Murray S. Kessler
President and Chief Executive Officer at Perrigo
Thank you, Brad, and good morning, everyone. In Q3, we had major accomplishments, company-changing accomplishments, the kind that will secure Perrigo a bright year for years to come. Unfortunately, we also experienced some very significant challenges this quarter related to the global supply chain disruption experienced by many companies in multiple industries. I'll come back to those in a few minutes.
But first, I want to remind everyone that during the third quarter, we completed our transformation to a consumer self-care company by first, closing the generic Rx divestiture transaction for $1.6 billion, which dramatically lowers volatility and makes selfcare our sole strategic focus; and second, announcing our agreement to acquire HRA Pharma, and its leading portfolio of consumer self-care brands for EUR1.8 billion, which we estimate will add USD400 million in revenue and $150 million in operating income in 2023. During the quarter, we also dramatically reduced the tremendous uncertainty that has been an overhang on Perrigo for the last three years.
This was accomplished by favorably settling the headline EUR1.6 billion Irish tax NoA for a much smaller amount. And while we believe Perrigo had a very strong case, if the Tax Appeals Commission disagreed, this tax assessment could have cost the company $3 billion or more when including interest. We settled for EUR297 million in total, with cash payable of EUR266 million net after we received credit for prior payments. This issue is now completely resolved and behind us. And even better, we paid for this settlement from a EUR355 million award, we received during the quarter through binding arbitration arising from the Omega transaction.
The result, Perrigo is now a focused consumer self-care company poised for strong growth, unencumbered by the major overhangs of the past. Our long-term future has never been brighter. Let's shift back to Q3 business performance. Results were below a year ago, mainly due to under-absorbed overheads and higher input costs. For net sales, supply chain disruption was the culprit. This led to an inability for Perrigo to meet very strong consumer demand in the quarter. Absent the supply chain disruption, net sales growth would have been in line with what we had projected, higher costs for freight, other input costs and lower operating efficiencies in the form of unabsorbed manufacturing overhead attributed to last winter's historically weak cough cold season also negatively impacted earnings.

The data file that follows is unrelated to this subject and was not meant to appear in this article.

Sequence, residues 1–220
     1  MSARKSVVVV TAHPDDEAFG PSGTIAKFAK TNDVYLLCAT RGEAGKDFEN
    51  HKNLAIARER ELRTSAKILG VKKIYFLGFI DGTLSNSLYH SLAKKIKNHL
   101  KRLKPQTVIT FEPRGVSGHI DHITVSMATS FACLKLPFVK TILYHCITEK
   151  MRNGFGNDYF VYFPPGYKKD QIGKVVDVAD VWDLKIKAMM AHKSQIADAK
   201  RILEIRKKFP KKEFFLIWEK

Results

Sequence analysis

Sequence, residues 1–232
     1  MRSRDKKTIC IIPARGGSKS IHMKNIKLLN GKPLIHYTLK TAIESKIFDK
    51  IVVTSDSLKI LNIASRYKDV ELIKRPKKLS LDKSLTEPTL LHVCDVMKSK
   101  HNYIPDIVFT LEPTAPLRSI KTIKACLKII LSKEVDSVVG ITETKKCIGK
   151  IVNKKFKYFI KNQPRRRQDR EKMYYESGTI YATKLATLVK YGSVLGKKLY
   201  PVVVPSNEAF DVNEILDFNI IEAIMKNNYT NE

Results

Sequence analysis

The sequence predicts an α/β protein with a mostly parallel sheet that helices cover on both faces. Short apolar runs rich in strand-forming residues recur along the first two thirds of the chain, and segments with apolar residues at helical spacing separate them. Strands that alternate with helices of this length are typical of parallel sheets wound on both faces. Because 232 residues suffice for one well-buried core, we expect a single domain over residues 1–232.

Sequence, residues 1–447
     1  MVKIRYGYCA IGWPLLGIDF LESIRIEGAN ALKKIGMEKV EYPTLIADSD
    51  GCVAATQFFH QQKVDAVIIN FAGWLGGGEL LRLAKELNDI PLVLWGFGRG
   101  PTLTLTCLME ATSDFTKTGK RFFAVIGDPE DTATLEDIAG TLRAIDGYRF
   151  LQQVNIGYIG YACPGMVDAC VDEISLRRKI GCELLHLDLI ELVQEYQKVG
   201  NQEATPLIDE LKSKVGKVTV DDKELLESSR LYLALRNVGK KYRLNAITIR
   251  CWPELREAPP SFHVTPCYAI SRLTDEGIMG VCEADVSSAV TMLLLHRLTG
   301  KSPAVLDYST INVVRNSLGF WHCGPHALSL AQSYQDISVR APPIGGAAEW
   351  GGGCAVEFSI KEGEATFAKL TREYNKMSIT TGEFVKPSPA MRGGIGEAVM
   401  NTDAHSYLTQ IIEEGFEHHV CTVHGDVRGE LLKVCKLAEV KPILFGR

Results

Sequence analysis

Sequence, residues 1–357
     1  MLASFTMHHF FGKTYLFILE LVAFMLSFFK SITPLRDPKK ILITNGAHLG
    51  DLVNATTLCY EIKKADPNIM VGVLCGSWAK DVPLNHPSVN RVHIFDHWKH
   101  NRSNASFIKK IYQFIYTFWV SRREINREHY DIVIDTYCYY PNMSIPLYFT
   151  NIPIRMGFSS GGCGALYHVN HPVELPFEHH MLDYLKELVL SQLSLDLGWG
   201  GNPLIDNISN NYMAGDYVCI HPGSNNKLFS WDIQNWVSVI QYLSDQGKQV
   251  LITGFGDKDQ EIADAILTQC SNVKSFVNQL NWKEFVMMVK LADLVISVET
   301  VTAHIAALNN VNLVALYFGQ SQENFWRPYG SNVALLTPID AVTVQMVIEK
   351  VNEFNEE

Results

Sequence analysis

Let me provide a bit more detail. For net sales, as forecasted, the strong consumer takeaway in Q2 translated to higher factory orders in Q3. This was highlighted by a 21% year-over-year growth rate in our cough/cold sales in the U.S. and continued double-digit growth in e-comm, plus 36% year-over-year globally. Consolidated net sales increased 4% versus a year ago despite a supply chain disruption impact of $43 million with the bigger impact in the U.S., $38 million, causing a 5.5 percentage point drag on CSCA's Q3 net sales performance. Had those orders shipped under normal patterns, CSCA shipment growth would have been very close to the strong consumer takeaway growth observed in the quarter.
Let's take a look at those market trends for CSCA. Importantly, category consumption grew briskly in the categories we compete in for all three of our U.S. business units. The total OTC category was up 18.1% versus a year ago. Total nutrition, which for us is infant formula and electrolytes, was up 29.9% and Oral Care was up 9.7%. It's worth noting that total store brand OTC lost market share to national brands during the third quarter about 1.5 share points. But this is not a reason for concern. The share loss was attributed to buyers of national brands increasing consumption rather than buyers of store brands switching to national brands.